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“My father said you’d found some interesting dental work.”

Dr. Peres’s face brightened a degree. “Maybe that could help give us a time line. It was removable, so I bagged it already.” She strode six steps to a plastic storage case and started rooting through a pile of evidence bags.

Lacey’s shoulders relaxed a notch. Victoria Peres wasn’t one of the people who’d mutter “nepotism” about Lacey’s job. Maybe the doctor understood the job was tougher when your father was the chief medical examiner of the state. And your boss.

Lacey pressed her lips together. Anyone who’d worked directly with her knew Lacey was damned good at her job.

“That’s a rock, not a bone.” One of the techs peered at an ivory chunk on his partner’s outstretched hand.

“No way. It’s gotta be a bone,” argued his counterpart.

Lacey glanced at Dr. Peres, expecting her to referee the dispute, but the doctor’s attention was still buried in a storage case. Curious, Lacey carefully stepped over the tiny skeleton and held out a hand.

“Can I take a look?”

Two startled faces turned her way. Lacey stood her ground and tried to look like a competent forensic specialist. The men were young. One dark, one blond. Both bundled up as if they were working in the Arctic. Probably college students interning with Dr. Peres.

“Sure.” Acting like he was handing over the Hope diamond, the dark-haired tech handed her a narrow piece, shorter than an inch. He cast a quick look at Dr. Peres’s back.

Lacey studied the piece in her hand, understanding their confusion. She couldn’t tell if it was bone. She lifted the piece to her mouth and gently touched her tongue to it, feeling its smoothness.

“Jesus Christ!”

“What in the hell…!” Both men rocked back, identical shock covering their faces.

Lacey handed back the little piece, hiding her smile. “It’s rock.”

Porous bone would have stuck to her tongue. A trick she’d learned from her father.

“She’s right.” Dr. Peres’s close voice made Lacey jump and turn to face her. The doctor glanced at the men over Lacey’s shoulder. “I can never shock those two guys. I guess I need to start gnawing on skeletons more frequently.” Her eyes narrowed at Lacey. “Don’t repeat that.”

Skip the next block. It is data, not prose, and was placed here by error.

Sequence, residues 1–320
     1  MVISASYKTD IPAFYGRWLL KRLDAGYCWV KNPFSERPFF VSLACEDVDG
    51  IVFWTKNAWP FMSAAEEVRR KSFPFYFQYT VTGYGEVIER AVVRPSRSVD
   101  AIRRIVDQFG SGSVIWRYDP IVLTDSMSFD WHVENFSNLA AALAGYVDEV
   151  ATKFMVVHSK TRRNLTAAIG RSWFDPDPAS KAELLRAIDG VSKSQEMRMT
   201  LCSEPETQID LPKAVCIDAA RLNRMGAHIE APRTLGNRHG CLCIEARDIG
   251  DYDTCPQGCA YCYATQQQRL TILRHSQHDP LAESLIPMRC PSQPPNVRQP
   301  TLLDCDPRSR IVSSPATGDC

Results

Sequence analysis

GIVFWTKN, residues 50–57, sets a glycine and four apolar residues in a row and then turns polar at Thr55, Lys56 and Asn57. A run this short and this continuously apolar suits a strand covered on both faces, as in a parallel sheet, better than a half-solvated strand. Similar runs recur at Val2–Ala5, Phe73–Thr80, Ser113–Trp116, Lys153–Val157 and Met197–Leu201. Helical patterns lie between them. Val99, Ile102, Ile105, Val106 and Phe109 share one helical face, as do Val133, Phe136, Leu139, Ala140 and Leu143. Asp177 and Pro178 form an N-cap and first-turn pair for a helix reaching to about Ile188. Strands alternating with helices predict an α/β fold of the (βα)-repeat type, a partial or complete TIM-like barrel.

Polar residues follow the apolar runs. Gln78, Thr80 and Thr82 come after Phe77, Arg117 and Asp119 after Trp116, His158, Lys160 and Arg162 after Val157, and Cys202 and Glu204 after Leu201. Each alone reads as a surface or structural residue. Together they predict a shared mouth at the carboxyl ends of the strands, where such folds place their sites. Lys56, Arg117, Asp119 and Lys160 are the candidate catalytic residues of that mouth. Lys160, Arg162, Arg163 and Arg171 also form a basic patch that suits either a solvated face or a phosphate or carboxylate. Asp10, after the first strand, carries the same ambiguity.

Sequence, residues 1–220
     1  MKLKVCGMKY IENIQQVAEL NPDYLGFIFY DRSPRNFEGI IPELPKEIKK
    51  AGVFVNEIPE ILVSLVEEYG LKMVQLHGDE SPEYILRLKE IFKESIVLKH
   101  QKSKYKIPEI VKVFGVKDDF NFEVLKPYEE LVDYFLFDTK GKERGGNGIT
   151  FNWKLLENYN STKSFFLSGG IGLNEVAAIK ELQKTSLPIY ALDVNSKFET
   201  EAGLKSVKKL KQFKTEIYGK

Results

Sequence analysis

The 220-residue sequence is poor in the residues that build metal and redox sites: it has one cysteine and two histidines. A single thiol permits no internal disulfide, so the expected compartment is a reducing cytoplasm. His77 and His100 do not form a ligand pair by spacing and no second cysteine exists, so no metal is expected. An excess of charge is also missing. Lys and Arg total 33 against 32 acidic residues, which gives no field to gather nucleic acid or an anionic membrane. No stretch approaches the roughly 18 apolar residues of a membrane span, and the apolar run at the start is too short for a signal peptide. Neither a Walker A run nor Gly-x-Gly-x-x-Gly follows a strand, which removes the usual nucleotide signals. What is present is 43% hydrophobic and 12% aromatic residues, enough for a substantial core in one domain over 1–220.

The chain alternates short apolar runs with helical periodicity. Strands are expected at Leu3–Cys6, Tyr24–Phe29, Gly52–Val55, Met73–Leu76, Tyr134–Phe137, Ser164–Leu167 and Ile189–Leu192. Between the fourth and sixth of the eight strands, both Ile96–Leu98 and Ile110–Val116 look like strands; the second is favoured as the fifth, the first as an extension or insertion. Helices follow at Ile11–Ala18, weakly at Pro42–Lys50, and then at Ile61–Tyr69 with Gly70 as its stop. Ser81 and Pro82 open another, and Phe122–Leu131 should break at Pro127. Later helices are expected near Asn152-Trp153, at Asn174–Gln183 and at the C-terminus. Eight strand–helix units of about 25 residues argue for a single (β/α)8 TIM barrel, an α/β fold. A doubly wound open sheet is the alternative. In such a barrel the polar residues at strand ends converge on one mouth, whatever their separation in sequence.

Dr. Peres’s reputation was hard-assed enough without a rumor circulating that she gnaws on bones.

“I’m still looking for the dental work I removed first thing this morning. Why don’t you take a look at the rest of her teeth while I check the other bin?”

Lacey nodded and kneeled by the sparse skeleton, the tarp crinkling loudly. She scanned the lonely remains, feeling quiet sadness ripple through her chest.

What happened to you?

The skull silently stared at nothing.

Lacey’s heart ached in sympathy. The dead woman was the ultimate underdog, and Lacey was a sucker for the vulnerable. Whether a long shot in a football game or an injured animal, she instinctively threw her support to the weakest. It was the same with her job. Every victim sparked Lacey’s utmost effort.

But this situation felt different from other recoveries. Was it the freezing weather? The depressing location?

This feels personal.

That was exactly it. The examination felt personal.

Was it because the body was so small? Petite like herself? Young. Female. A victim of a horrible…

Stop it. She was projecting herself onto the remains. Lacey mentally pulled back and hammered down her emotions, swallowing hard.

Do the job. Do your best. Report the findings and go home.

But somewhere, someone was missing a daughter. Or sister.

Resolute, she gently lifted the mandible from the tarp and focused. Perfectly aligned teeth with no fillings. But the first molars were missing. Strangely, the second molars behind the missing ones were in perfect placement. She touched one of the empty spots with her little finger. It fit perfectly. Usually when teeth have been extracted, the proximal teeth eventually tip or shift into the empty spaces. Not on this mandible. And the extraction sites weren’t new, because the bone had fully regenerated in place of the removed roots.

“Something was keeping the spaces open,” she mumbled as she set the mandible down and reached for the skull. She ran questioning fingertips over the smooth, bony surfaces that shaped the head. Definitely female. Male skulls were lumpy and rugged. Even in death, the female form demonstrated a distinctive, smooth grace. She tipped the skull upside down and saw a perfectly aligned arch with all teeth present.

Braces. Or else great genes. The woman’s smile had been beautiful.

Large silver fillings covered every surface of the upper first molars.

“She managed to keep the upper set of first molars,” she muttered to no one. Lacey squinted as she scanned for any elusive white fillings. “But the bottom set was beyond saving at some point. Something probably weakened her first molars during their formation,” she theorized. Lacey eyed the central incisors, looking for any signs of odd development, since those teeth formed during nearly the same time period as the first molars, but her front teeth were white, smooth, and gorgeous.

Lacey touched the bone posterior to the second molars. Bare hints of wisdom teeth poked through the bone. Without X-rays to check the root lengths of the wisdom teeth, she wasn’t quite ready to agree that the woman was in her late teens or early twenties, but she hadn’t found anything to counter Dr. Peres’s premise.